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Suppose we have a particle in an infinite potential well, with $V(x) = 0,\space 0< x < a $ and infinity everywhere else.

Now suppose we have a perturbation on the LHS of the well: $V_1(x) = v, \space 0 < x < \frac{a}{2}$.

By first order perturbation theory, all energy levels are shifted by the same amount:

$$\Delta E = \langle E_n|v|E_n\rangle = \frac{v}{2} $$

Ok all is good.

By considering the perturbed wavefunction:

$$ \psi_n = \phi_n + \sum_{n \neq k} \frac{\langle \phi_k|V_1|\phi_ n\rangle}{E_n - E_k} $$

How do I make use of the condition that $v << E_2 - E_1 $ to show the results above is correct?

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  • $\begingroup$ Isn't $\sum_{n \neq k} \frac{\langle \phi_k|V_1|\phi_ n\rangle}{E_n - E_k} = 0$ ? Since states are orthogonal? $\endgroup$ – user44840 Jun 5 '14 at 12:19
  • $\begingroup$ $V_1$ changes $|\phi_n\rangle$, so in general the product it's no longer orthogonal to $|\phi_k\rangle$. $\endgroup$ – Ruslan Jun 5 '14 at 12:22
  • $\begingroup$ $V_1 (x) = v$ is a constant, so I think it can be taken out of the bra and ket $\endgroup$ – user44840 Jun 5 '14 at 12:25
  • $\begingroup$ Dot product doens't make any sense if you only integrate over one part of configuration space. In this case you'd not get any orthogonality. Just try checking if e.g. $\sin 2\pi x$ is orthogonal to $\sin \pi x$ on $x\in[0,1]$. It's not, although on $x\in[0,\pi]$ it is. $\endgroup$ – Ruslan Jun 5 '14 at 12:27
  • $\begingroup$ $V_1$ is not constant, it is $v$ for $x<a/2$ and $0$ otherwise. This means that the integral of $\phi_k$ with $\phi_n$ only goes from $0$ to $a/2$, and orthogonality is not guaranteed. $\endgroup$ – Davidmh Jun 5 '14 at 12:29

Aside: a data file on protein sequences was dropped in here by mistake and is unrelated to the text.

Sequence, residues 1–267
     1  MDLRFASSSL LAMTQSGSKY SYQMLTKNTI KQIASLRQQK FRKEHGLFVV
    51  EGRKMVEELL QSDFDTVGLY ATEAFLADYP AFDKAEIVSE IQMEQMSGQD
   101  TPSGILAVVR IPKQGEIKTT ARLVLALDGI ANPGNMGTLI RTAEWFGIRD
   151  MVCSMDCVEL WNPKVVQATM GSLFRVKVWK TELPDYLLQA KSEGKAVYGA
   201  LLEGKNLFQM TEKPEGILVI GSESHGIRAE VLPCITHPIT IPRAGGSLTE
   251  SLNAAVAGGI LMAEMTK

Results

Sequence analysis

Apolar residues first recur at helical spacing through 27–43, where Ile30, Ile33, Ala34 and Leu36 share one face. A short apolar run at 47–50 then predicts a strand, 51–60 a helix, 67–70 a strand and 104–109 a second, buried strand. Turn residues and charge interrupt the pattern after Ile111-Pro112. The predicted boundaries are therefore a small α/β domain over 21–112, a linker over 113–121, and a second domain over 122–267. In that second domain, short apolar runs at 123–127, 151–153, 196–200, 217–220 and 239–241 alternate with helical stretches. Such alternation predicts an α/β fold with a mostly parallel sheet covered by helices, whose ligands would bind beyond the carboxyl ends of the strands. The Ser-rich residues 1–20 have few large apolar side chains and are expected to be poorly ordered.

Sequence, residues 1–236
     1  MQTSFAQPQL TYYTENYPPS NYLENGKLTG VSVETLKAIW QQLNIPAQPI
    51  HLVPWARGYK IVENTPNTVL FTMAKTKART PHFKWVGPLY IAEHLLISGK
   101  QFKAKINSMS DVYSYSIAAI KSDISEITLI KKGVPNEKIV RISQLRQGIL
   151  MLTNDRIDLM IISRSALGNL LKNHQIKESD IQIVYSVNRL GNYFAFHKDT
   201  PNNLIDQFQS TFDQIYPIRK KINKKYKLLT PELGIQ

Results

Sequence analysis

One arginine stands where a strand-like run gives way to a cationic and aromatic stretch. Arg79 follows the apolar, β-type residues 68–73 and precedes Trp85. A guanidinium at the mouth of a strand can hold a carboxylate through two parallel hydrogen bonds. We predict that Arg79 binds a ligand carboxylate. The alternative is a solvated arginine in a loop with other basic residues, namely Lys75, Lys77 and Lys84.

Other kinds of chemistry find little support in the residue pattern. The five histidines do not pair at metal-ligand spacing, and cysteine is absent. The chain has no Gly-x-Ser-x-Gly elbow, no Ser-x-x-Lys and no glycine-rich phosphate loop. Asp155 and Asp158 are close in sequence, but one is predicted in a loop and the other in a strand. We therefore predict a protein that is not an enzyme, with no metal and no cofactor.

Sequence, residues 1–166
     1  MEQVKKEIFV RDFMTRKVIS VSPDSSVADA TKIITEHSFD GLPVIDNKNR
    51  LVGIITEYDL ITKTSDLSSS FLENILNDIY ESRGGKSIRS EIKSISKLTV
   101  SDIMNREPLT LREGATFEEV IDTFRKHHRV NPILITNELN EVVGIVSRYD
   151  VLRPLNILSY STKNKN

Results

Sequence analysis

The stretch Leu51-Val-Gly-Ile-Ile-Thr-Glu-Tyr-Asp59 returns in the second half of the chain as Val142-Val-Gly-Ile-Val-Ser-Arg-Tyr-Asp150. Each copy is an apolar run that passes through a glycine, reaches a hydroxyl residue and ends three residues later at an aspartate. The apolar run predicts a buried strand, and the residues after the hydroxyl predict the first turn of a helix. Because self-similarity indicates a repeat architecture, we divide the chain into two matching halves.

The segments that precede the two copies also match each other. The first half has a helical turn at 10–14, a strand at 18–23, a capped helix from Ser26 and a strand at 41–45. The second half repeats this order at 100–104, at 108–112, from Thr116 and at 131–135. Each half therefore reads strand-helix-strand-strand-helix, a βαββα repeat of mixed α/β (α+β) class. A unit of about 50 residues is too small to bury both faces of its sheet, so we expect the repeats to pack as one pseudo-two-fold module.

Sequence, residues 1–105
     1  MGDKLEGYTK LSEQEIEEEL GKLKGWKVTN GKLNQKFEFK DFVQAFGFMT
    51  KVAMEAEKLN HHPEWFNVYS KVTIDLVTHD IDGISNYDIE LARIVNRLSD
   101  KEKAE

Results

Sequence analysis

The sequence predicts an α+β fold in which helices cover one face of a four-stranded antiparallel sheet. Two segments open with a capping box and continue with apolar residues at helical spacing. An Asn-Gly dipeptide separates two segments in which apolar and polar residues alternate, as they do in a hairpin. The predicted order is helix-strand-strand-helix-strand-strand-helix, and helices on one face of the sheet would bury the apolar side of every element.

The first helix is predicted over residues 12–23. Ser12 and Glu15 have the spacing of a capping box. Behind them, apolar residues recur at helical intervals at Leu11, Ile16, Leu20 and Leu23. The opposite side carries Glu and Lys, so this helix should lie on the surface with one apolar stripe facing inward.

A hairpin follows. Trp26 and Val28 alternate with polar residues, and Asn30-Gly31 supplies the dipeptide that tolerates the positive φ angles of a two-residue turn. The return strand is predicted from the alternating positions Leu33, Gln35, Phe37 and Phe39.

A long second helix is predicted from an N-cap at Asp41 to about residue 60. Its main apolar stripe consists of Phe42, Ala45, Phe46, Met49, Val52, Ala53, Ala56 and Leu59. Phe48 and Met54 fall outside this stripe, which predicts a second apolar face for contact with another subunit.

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It's actually an interesting problem you raise, so let me try to expand a bit on my comment.

In general, the program for “showing that [first-order] perturbation theory (PT) works” is the following:

  1. Solve the perturbed problem exactly, yielding solutions $H\psi_n = E_n\psi_n$.
  2. Differentiate the results by the perturbation parameter, i.e. compute $dE_n/dv$ and $d\psi_n(x)/dv$.
  3. Compare this to the PT results $E_n^{(1)}$ and $\psi_n^{(1)}(x)$.

In the present case, this will not be possible analytically. Write an Ansatz for the full solution, split in two regions, (L) $V(x)=v$, and (R) $V(x)=0$. As in the regular infinite potential well, for each region you can eliminate one of the linearly independent solutions by the boundary conditions $\psi_L(0) = \psi_R(a) = 0$.

You are left with three parameters (an “amplitude” for each region, and the energy) and three relations to fix them ($\psi_R(a/2) = \psi_L(a/2)$, $\psi'_R(a/2) = \psi'_L(a/2)$, $\int\!dx\,\psi(x) = 1$). Simple enough in principle, but not analytically solvable in this case because the energy is given by an implicit transcendental equation.

The reason I say your problem is interesting is that, as you increase $v$, it will change the character of the lower-lying states. In the unperturbed case, all states are “oscillatory”, albeit cut off at the edges. In the perturbed case, this will still be true on the right side, but once $v$ is big enough, you will get states that decay exponentially on the left. A sensible guess would be that PT breaks down for these states.

As for $V_{nm} = \langle\phi_n|V|\phi_m\rangle$ and orthogonality: The $\phi$ are even/odd functions with respect to the well center. Split the integral $\langle\phi_n|\phi_m\rangle = \int_0^a\!dx\phi_n\phi_m = L + R$ into two parts corresponding to left and right side. As you say, $L + R = 0$; and $V_{nm} = vL$. If $n$ and $m$ have the same parity, $L=R$ and so $V_{nm} = 0$; but if the parity is different, $L=-R$ and $V_{nm}$ is non-zero.

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